In Anabaptism in Tyrol (1526-1626), Johann Loserth summarizes the early century of the most dynamic and persecuted territory in early Reformation history, covering regions in modern-day Italy, Austria and Czechia.
Dr. Johann Loserth (1846-1936), Professor of History at the University of Graz, was the author of more than 100 studies on early Anabaptism including definitive scholarship on such diverse, central figures as Blaurock, Hubmaier, Hutter and Marpeck. Loserth is considered the founder of modern historical studies on the south-eastern regions of Anabaptism in Europe.
Intense scrutiny, anti-Anabaptist mandates and persecution, both by the Habsburg government and the Catholic Church, developed in Tyrol at a more aggressive pace than elsewhere in Europe. After eradicating the first generation of leaders in the late 1520s, authorities viewed Hutter as the key leader of Anabaptism in that region and beyond, especially with the rise of settlements in Moravia. Financial incentives for spies, moles and informants were an exceptional feature of persecution tactics in Tyrol. Loserth also explains how nobles such as Helena von Freyberg and the Wolkenstein family were implicated in Tyrolean Anabaptism and how they were treated harshly by authorities. There is also a focus on the roles of the peasants in revolting against political and ecclesiastical authorities in different phases of reform in Tyrol. Loserth’s account covers the Philipites and Gabrielites alongside the Hutterites as the three main groups which developed out of that region and in Moravia.
Based on 1,317 documents in the archival collection he inherited from the Austrian jurist, Josef von Beck, Anabaptism in Tyrol is divided into two parts. Part 1 summarizes the first decade of Tyrolean Anabaptism in detail, with a sympathetic assessment of Jacob Hutter’s role until his execution in 1536. Part 2 provides an overview of the subsequent nine decades of persecution, leadership challenges, social hardships and controversies among the various Anabaptist groups, most prominently the Hutterian Brethren. Anabaptism in Tyrol provides a complete translation of Loserth’s original German publication (1892-93), and the ‘Index of Names and Places’ offers a valuable reference for locating the sources and archival documents found in Beck’s collection, which will enable further research on the people and places at the origins of Tyrolean Anabaptism.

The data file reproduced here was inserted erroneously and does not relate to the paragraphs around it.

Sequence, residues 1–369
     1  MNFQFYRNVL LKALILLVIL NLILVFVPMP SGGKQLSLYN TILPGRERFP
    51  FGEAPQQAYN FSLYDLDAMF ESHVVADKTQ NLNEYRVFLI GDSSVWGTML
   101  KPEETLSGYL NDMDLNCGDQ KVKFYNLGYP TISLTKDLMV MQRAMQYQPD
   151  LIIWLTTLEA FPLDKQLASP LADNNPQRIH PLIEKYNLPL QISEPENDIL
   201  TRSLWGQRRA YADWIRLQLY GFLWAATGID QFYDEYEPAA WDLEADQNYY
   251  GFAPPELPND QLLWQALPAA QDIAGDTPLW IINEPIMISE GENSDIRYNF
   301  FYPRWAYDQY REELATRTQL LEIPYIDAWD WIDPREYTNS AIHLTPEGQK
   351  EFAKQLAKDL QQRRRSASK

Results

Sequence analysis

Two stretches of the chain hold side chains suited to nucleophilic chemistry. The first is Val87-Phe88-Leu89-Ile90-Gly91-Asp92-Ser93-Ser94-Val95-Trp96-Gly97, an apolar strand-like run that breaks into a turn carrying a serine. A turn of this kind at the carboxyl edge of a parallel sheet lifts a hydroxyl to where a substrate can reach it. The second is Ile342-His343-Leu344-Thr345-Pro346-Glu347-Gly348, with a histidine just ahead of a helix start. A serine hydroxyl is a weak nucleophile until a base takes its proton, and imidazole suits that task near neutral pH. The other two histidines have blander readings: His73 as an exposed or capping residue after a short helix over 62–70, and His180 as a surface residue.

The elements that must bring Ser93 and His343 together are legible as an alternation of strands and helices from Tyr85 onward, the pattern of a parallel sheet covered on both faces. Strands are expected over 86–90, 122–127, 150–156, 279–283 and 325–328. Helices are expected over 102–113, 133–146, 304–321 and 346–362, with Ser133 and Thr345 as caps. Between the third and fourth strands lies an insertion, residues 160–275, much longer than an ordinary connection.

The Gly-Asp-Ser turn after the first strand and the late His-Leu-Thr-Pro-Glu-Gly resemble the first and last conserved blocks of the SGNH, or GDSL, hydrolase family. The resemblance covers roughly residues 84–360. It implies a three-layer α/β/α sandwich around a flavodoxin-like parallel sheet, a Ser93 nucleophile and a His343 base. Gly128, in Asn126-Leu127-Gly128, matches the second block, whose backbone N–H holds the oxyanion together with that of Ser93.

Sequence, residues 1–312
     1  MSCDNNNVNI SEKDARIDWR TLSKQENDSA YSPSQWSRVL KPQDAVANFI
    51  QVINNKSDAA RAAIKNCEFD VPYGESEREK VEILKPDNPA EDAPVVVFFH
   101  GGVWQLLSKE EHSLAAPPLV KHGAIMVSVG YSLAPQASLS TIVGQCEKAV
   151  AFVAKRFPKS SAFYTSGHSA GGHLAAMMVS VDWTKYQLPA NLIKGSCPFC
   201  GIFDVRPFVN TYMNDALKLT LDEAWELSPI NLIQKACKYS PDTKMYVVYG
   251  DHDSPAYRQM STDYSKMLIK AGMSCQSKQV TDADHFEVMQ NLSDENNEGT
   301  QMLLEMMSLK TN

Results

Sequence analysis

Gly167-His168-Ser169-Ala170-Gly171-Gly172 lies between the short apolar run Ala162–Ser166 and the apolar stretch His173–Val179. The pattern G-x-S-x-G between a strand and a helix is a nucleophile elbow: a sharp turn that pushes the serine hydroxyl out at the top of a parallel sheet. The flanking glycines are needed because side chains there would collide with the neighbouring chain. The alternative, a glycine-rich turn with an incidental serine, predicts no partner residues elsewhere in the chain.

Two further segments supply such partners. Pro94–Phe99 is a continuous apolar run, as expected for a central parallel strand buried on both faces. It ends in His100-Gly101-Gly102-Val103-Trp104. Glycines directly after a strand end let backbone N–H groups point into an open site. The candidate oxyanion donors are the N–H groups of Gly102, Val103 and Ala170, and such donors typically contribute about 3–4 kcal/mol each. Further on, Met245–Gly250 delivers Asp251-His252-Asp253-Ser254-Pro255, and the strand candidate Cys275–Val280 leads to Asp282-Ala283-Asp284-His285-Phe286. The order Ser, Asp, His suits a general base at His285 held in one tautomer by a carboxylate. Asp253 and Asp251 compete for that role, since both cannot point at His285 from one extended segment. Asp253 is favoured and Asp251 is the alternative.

Excerpt: “Jakob Hutter… is credited with the great merit of reestablishing the order and discipline that had become lax among the Moravian Anabaptists, of having established, over against multiple special interests that had been gaining ground, a community life that had in many ways become breached, of having cleansed the church community of impure elements, and of having brought under control the abuses that elsewhere caused communities to break up.”
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